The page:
Introduction: Uzziah was one of Judah’s many tragic kings. He started walking with God. Yet, he slowly drifted from God and then rebelled against God’s law. For Uzziah, pride eventually led to his downfall. From his failure, God reveals seven lessons regarding the dangers of pride. Unrepentant pride can lead to: (1) complacency, (2) ungratefulness, (3) self-reliance, (4) covetousness, (5) spiritual blindness, (6) judgement, and (7) public shame or humiliation.
First, Uzziah was a reformer who initially tried to serve God. Pride, however, later caused him to become complacent in his success. Pride can also cause you to lower your defenses and allow Satan to slowly pull you off your walk. Second, God blessed Uzziah with wealth, security, and honor. But he never thanked God for these gifts. Over time, he came to believe that he was responsible for his success. Pride can also cause you to become ungrateful to God and take credit for His blessings in your life. Third, Uzziah used his God-given success to fortify Judah and build up a strong army so that no one could threaten him. His desire to be self-reliant, however, also caused him to drift from God. Pride in your accomplishments can also cause you to seek independence from God or believe that you don’t need Him in your life. Fourth, Uzziah’s pride caused him to covet power that God did not give him. This included the power that God had reserved for the priests. Pride can also cause you to covet unholy things that God did not mean for you to have. Fifth, Uzziah became angry when the High Priest Azariah rebuked him for usurping the role of the priests. Pride can also harden your heart and cause you to become blind to sin. Sixth, because Uzziah refused to repent, God judged him with leprosy. Unrepentant pride in your life can also eventually lead to God’s judgment. Finally, Uzziah spent his final years living in isolation. He was also denied the honor of being buried in David’s tomb. Unrepentant pride can also lead to social rejection and humiliation as others judge you.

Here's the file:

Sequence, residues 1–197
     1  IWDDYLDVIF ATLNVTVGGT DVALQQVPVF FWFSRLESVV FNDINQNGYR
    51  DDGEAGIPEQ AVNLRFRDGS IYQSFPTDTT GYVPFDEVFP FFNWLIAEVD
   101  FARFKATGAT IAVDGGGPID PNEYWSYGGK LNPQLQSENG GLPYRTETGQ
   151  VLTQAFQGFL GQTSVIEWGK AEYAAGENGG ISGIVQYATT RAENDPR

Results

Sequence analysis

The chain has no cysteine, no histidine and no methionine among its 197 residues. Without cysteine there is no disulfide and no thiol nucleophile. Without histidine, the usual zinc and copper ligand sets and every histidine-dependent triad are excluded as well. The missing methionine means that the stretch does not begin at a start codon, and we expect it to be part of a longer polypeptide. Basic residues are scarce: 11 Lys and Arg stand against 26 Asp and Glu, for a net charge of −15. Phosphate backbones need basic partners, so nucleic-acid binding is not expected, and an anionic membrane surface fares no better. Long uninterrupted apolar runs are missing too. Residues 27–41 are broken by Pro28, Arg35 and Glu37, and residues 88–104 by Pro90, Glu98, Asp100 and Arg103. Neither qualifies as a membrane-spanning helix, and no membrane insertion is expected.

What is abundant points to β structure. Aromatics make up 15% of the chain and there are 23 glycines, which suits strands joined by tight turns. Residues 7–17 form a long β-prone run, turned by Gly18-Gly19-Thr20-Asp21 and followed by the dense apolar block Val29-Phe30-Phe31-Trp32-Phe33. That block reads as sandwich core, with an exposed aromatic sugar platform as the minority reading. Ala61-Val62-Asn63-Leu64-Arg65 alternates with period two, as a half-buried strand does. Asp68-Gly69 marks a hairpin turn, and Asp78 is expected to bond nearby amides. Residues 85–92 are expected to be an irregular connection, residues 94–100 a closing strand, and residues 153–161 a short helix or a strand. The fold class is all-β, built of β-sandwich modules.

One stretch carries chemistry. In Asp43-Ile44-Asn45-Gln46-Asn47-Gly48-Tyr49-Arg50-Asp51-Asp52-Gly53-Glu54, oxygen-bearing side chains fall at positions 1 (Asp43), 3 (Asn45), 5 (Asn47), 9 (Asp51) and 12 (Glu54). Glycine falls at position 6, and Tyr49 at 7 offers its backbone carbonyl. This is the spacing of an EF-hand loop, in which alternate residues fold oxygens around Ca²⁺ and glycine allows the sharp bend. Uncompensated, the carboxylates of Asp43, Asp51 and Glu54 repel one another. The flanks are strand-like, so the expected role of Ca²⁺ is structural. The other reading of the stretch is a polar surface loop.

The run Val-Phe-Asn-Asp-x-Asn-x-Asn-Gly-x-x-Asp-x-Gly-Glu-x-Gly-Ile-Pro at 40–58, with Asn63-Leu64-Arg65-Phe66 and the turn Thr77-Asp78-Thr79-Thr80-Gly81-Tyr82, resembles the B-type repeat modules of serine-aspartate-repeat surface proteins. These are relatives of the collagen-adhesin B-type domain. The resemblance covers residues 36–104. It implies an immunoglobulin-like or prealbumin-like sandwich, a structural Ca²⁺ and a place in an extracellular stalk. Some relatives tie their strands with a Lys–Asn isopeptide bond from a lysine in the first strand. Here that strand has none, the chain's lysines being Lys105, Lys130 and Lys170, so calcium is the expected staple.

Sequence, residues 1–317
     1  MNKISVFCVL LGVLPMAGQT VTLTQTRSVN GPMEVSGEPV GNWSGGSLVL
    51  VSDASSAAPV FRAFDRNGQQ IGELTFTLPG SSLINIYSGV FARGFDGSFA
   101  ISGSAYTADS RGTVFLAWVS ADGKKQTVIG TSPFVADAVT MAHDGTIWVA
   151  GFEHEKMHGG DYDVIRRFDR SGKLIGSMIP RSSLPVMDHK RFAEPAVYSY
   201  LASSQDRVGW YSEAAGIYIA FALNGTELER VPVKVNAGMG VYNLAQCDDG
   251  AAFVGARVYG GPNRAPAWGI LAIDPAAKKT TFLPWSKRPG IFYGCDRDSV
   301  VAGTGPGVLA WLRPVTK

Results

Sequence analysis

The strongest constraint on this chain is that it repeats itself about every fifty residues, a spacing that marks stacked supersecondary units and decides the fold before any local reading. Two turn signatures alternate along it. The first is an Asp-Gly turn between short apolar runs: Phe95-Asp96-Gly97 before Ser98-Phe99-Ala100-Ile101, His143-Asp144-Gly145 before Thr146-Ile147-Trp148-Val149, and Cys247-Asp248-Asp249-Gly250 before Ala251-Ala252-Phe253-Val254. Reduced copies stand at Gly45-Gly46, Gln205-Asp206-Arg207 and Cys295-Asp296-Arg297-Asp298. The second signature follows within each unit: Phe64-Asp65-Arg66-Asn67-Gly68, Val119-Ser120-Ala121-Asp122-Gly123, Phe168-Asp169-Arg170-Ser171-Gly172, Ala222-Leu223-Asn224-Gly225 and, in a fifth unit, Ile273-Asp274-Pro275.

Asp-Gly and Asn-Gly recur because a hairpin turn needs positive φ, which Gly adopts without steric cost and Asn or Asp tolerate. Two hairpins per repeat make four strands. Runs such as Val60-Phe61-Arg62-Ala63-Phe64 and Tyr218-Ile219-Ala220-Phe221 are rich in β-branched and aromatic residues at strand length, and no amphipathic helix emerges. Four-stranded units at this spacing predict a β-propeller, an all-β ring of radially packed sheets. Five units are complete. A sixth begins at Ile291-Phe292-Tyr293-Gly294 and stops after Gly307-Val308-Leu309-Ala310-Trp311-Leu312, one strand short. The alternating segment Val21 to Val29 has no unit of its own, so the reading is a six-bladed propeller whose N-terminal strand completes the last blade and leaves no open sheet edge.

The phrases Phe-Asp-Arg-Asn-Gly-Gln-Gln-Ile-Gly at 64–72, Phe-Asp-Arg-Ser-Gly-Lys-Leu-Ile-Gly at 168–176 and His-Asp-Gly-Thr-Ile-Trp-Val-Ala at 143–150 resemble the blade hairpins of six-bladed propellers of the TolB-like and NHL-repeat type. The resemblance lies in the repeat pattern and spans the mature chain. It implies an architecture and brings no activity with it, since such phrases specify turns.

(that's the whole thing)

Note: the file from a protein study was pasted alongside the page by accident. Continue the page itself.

Uzziah becomes King of Judah. Following Amaziah’s death, his son Uzziah succeeded him. He initially followed God, and God blessed him. “1 And all the people of Judah took Uzziah, who was sixteen years old, and made him king in the place of his father Amaziah. 2 He built Eloth and restored it to Judah after the king slept with his fathers. 3 Uzziah was sixteen years old when he became king, and he reigned fifty-two years in Jerusalem; and his mother’s name was Jechiliah of Jerusalem. 4 He did right in the sight of the Lord according to all that his father Amaziah had done. 5 He continued to seek God in the days of Zechariah, who had understanding through the vision of God; and as long as he sought the Lord, God prospered him.” (2 Chr. 26:1-5; 2 Kgs. 15:1-7; Isa. 1:1). Although he likely served as a regent for either 10 or 11 years while his father was in jail, Uzziah’s reign began in 767 B.C. In the book of Kings, he is referred to by the alternative name Azariah (2 Kgs. 15:1-7). He reigned for 52 years from age 16 until he was 68 years old. Judah was in disarray when his reign began. Out of pride, his father Amaziah began a war against Northern Israel that God did not command or condone. This resulted in Judah’s defeat, the destruction of Jerusalem’s protective walls, the gold from the Temple and Jerusalem being looted, and many people being taken into captivity (2 Kgs. 14:8-11). Amaziah also embraced idolatry by worshiping the gods of Edom (2 Chr. 25:20). Uzziah was a reformer who initially refused to follow many of his father’s mistakes (2 Kgs. 14:3). He initially listened to the prophet Zechariah. (2 Chr. 26:5). He also initially trusted God, and: “He did right in the sight of the Lord . ..” (2 Chr. 26:4; 2 Kgs. 15:3). When he trusted God, he succeed in every aspect of his administration (2 Chr. 26:6-15). The name Uzziah means “The Lord is my strength”. His alternative name in the book of Kings, Azariah, meant the “the Lord has help.” In addition to living at the time of Zechariah’s ministry, Isaiah began his public ministry during his reign (Isa. 1:1). Yet, he did not live in complete obedience to God. His pride led him to become complacent. He tolerated pagan worship by failing to remove the pagan high place (2 Kgs. 15:4). Because his heart was not fully devoted to God, he slowly drifted from Him.